Shin Splints - Runteach

Painful shins are common amongst runners, but in a lot of cases they are actually pretty straightforward to fix.

We’ve read a lot on the forums recently about shin splints and what we can do to sort them out. But what are shin splints?

The term shin splints is actually a bit generic. It’s a little like runner’s knee in that it covers a number of different specific types of pain, and that can initially be why it’s tricky to solve. The one thing we do know, though, is that it’s painful and can put us off running for a long time.

Right, before we go any further, I need to point out that if you’ve had painful shins for a long time and nothing seems to be helping, it’s time to go and see a medical professional. There‘s a chance that long-term pain in the shins can lead to more serious conditions that really needs to be investigated. Please be sensible and take responsibility for it, and if this sounds like you then get it looked at!

So, I’m moving on assuming that if you need to seek medical attention, you are going to do so. For the rest of us, here are some of the reasons we get shin splints:

  • Lack of ankle mobility
  • Shortened posterior muscles, particularly the calf muscles
  • Muscular imbalance
  • Lack of strength in the front of our shins (tibialis anterior)
  • Poor running form
  • Footwear

Shin splints are a classic overuse injury, and there can be many factors that lead to this very painful condition. At the bottom line though, it comes down to the fact that our shin muscles can’t handle the amount of repetitive force we are putting on them. This is why, even after taking a few weeks rest away from running, as soon as you start back the pain returns. If you think about it, what have you actually done to increase the resilience of the damaged muscle and connective tissue? Rest alone is not the answer.

All of the reasons listed above can be, and often are, inter-related. For example, having a severe forefoot strike combined with overstriding will put our foot into a steeply angled plantarflexion (toes pointing downwards). Over time this foot position will reset our nervous system’s range of motion and can also lead to the shortening of the muscles at the back such as the calf muscles. This, in turn, will have the effect of reducing strength in the front of the shins and making them less able to tolerate the force we are putting through them. One of the results of this lack of strength may be shin splints (not everyone suffers from shin splints so we can’t say it will happen).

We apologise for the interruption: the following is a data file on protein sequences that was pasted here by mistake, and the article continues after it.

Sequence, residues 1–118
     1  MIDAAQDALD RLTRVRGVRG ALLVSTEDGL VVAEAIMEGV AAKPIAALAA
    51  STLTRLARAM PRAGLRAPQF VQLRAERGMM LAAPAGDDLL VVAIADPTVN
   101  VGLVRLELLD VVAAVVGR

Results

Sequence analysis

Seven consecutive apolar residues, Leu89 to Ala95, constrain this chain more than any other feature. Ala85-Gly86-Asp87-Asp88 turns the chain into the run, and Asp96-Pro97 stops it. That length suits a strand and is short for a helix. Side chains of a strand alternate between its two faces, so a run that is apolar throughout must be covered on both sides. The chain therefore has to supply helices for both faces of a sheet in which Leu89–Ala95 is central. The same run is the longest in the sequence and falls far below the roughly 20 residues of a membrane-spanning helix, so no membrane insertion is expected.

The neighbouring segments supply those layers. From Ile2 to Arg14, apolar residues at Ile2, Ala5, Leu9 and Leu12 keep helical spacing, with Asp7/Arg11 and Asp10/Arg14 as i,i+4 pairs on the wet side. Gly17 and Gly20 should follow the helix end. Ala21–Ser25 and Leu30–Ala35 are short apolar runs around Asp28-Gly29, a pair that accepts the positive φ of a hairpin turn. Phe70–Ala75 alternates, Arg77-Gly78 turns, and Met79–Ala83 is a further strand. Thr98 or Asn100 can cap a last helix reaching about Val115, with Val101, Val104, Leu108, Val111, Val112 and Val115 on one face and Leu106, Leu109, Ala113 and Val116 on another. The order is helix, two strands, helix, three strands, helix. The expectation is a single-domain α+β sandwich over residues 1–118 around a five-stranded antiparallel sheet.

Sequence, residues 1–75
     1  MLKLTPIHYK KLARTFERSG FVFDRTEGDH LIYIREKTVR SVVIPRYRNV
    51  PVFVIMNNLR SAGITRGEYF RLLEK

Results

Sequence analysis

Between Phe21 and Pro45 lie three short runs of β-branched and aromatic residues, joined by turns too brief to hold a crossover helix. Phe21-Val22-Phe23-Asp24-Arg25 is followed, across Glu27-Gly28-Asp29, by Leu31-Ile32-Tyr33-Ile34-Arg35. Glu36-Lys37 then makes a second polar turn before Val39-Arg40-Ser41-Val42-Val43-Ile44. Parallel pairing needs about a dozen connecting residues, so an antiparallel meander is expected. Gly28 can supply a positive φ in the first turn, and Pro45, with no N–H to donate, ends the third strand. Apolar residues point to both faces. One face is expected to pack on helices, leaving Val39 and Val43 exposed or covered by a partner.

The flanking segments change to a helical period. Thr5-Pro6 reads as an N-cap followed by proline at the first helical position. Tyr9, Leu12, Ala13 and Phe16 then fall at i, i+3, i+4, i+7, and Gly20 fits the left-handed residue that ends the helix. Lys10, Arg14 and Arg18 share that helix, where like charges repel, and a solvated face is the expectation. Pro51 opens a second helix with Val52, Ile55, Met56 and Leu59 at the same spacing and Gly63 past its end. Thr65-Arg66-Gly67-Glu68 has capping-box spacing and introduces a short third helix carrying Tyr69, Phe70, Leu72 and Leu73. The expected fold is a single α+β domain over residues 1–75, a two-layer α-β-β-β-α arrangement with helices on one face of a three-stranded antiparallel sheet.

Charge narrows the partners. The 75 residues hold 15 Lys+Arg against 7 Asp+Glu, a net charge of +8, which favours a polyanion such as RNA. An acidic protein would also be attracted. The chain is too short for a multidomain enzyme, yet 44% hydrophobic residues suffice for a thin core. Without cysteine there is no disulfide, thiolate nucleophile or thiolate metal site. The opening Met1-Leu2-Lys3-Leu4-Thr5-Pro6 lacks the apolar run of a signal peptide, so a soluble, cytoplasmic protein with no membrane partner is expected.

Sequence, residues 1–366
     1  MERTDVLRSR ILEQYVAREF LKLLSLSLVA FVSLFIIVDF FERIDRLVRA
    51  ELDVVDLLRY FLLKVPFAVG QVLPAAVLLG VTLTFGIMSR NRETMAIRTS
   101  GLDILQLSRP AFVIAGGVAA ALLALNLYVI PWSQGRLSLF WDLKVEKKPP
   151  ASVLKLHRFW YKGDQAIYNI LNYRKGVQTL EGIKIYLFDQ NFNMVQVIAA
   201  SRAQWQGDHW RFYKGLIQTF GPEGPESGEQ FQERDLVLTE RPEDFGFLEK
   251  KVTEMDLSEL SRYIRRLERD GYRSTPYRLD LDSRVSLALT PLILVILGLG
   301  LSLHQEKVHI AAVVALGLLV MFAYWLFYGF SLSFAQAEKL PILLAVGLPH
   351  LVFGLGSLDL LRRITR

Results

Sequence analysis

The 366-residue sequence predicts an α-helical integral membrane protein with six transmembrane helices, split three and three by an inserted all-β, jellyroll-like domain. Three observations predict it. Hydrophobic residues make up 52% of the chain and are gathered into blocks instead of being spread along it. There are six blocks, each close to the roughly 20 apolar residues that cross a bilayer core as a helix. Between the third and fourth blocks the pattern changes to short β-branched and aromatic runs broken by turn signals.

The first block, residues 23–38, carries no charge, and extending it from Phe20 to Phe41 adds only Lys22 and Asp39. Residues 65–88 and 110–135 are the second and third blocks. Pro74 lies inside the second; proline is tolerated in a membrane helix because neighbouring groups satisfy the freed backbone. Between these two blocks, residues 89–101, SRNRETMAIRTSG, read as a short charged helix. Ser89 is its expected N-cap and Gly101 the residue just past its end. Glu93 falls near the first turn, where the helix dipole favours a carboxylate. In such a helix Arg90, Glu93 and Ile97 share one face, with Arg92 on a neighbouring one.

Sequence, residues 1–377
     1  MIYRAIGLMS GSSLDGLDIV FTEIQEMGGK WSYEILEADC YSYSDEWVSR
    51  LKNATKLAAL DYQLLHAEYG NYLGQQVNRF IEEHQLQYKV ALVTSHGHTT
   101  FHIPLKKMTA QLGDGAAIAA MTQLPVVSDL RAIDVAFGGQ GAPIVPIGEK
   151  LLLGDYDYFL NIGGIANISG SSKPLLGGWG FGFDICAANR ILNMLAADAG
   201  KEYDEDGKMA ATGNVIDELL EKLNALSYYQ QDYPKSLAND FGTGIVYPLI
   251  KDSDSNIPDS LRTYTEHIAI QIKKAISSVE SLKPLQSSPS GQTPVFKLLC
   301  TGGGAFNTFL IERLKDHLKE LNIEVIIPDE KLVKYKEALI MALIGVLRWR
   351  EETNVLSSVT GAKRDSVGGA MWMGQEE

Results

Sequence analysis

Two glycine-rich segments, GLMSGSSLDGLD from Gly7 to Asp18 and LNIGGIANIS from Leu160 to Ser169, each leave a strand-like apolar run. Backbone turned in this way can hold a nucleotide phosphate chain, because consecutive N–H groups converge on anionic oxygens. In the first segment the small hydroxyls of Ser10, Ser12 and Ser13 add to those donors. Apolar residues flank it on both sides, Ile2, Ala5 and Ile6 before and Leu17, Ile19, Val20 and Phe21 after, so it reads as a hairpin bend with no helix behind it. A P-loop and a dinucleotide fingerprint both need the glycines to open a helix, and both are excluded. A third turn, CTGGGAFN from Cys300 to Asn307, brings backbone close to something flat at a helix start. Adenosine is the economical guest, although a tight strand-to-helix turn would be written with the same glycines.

Let’s now look at some of these factors in a little more detail.

I’m going to combine muscular imbalance and lack of strength together as they are so closely related. It’s very well understood in both practice and research that if there’s a difference in strength between our right and left sides, or even in the muscles on the same side but playing complementary roles, then trouble is often not far behind. Indeed, muscular imbalances are often a major cause of overuse injuries.

As we’ve just learned, multiple factors are frequently involved in shin splints, and sometimes it is difficult to pinpoint which came first. A lack of strength in our toes, feet, ankles and shin muscles (anterior compartment such as tibialis anterior, peroneus longus and extensor digitorum longus) can all contribute either directly or indirectly to shin splints. In a direct way, they simply don’t have the strength and resilience they need. Indirectly, they may force the muscles at the back to work harder, which then creates a dominance and a cycle of reducing the strength of the shin muscles. The end result being the same: they can’t tolerate the load and then they fatigue and breakdown too quickly. See this post on reducing tolerance as we get injured.

This also relates to an earlier post about ankle mobility, where we looked at why ankle mobility is important. As far as shin splints are concerned, if we don’t have the range of motion that we need at the ankle we will make compensations that could either place more force directly onto the shins, shorten those muscles at the back such as the calf muscles, and/or find other ways to get the necessary range of motion (such as turning the foot out) that then leads to improper movement and pain.